A few weeks ago, thousands of homes and businesses lost power. Across northern California, the lights went out, production stopped, and perishables started to rot. No one called the power company; they were the ones that flipped the switch.
The trial and errors of PG&E are the perfect case study on how microgrids are needed. In some sense, failures of regional power suppliers and the outrages and monetary loses incurred by consumers are motivating factors in taking back control. Are microgrids on the horizon?
Frankly, they’ve been a long time coming. A microgrid essentially comprises three parts. For it to function, a microgrid relies on a source of energy, a way to store that energy, and a smart system to make sure so much (or little) as a watt isn’t wasted. No matter the scale, those three pieces need to be in place for a company or community to unplug for the larger electrical grid. There is a lot of progress in all three areas; solar, wind, geothermal and other renewables are getting more efficient by the minute, while the storage capacity of batteries is opening up doors for industrial applications on even the largest of scales.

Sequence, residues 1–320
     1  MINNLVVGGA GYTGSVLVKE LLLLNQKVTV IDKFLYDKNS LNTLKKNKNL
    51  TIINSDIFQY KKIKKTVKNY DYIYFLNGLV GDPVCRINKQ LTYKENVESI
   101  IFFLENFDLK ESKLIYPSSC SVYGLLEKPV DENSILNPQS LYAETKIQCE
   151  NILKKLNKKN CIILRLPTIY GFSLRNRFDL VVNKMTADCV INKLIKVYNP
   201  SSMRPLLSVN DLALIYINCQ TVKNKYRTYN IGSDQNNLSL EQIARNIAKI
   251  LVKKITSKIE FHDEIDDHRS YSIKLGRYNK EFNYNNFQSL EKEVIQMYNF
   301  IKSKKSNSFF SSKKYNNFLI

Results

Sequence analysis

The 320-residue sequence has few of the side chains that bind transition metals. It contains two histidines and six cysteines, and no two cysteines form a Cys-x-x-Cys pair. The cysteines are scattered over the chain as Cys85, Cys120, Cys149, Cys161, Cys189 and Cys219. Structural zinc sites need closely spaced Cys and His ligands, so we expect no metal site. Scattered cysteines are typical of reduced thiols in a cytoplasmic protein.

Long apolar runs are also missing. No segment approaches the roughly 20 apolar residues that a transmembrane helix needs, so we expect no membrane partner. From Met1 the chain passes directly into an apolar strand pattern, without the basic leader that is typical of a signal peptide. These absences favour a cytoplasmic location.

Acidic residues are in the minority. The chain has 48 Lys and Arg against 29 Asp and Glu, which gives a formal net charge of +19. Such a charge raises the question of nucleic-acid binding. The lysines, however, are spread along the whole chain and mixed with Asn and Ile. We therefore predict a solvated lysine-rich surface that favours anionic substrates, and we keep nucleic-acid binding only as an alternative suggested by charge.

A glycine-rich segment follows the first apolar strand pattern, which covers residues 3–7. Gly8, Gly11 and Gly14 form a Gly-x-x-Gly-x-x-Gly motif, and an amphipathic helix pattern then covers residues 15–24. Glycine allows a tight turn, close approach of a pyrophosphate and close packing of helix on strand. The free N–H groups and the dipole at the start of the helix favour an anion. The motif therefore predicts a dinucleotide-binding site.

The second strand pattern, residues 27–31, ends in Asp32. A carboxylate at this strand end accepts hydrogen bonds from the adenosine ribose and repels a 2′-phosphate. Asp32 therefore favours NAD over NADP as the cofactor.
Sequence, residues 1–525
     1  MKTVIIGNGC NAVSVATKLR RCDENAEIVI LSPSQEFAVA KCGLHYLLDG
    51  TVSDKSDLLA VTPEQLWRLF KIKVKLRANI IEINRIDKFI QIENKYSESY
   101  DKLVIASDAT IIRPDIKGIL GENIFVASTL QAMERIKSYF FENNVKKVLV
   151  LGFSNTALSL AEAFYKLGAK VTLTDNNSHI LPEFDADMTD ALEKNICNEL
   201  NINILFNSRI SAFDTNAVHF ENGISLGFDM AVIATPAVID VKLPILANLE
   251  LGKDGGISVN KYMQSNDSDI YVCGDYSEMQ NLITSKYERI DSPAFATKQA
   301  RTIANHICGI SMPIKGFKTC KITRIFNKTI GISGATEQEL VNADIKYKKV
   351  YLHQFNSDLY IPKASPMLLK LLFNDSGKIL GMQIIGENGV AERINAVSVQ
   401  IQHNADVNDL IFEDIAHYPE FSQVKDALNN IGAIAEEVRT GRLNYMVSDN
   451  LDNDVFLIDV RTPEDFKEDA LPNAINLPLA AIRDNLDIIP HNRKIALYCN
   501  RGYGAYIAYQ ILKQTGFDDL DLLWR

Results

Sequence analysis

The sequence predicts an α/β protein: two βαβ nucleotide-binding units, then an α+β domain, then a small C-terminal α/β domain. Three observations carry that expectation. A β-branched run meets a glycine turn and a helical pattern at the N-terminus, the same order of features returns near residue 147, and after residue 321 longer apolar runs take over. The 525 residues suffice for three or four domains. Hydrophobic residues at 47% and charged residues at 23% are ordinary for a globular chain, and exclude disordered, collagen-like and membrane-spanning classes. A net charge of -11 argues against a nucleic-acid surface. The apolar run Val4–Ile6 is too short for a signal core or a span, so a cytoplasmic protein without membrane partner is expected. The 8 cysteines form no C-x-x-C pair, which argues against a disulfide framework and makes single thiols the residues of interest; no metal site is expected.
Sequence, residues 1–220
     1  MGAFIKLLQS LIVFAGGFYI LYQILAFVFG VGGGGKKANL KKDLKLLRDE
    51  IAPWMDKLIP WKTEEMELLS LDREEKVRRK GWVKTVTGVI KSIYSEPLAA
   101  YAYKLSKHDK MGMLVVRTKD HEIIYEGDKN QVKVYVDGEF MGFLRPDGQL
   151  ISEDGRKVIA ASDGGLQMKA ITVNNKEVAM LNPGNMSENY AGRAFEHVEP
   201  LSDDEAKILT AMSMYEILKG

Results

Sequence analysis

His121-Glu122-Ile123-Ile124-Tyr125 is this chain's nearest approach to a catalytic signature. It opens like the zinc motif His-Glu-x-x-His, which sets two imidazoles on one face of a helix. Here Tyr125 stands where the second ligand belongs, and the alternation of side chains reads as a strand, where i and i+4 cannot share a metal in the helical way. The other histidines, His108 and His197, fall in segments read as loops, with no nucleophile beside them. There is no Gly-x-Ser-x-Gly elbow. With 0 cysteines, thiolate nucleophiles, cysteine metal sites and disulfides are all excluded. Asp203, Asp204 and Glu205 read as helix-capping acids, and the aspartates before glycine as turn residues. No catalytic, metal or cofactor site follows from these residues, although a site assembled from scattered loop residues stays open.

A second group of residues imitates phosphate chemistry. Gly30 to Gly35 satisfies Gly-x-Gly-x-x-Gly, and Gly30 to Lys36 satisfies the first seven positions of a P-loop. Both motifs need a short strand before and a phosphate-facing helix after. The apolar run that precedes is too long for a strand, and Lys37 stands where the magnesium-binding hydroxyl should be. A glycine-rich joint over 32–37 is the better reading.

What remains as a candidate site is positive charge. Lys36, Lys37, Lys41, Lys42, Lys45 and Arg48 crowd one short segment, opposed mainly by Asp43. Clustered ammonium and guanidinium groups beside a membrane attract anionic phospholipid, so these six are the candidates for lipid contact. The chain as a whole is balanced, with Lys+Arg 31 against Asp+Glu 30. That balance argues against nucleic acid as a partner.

It’s progress that’s largely due to a fall in prices. Over the past nine years, the price of renewable energy has, on average, fallen by 85%, and that’s led to even more investment and more implementation. Investing in these microgrids could be money very well spent; experts estimate that the power outages in northern California have resulted in roughly $1.5 trillion in lost economic output.
Bringing more firms “offline” is easier than you think Federal, state, and even private initiatives are supporting companies that are piecing together their microgrid futures. From leasing materials to dynamic financing programs, plus constantly falling prices on capital itself, means that if you’re looking at microgrids, odds are there are a lot of options to make it happen. That’s another value proposition to add to total control of your energy future, plus lower operating costs long-term.
Ready to get started? We’re already working on microgrids across the country. Let us help you get rolling in 2020!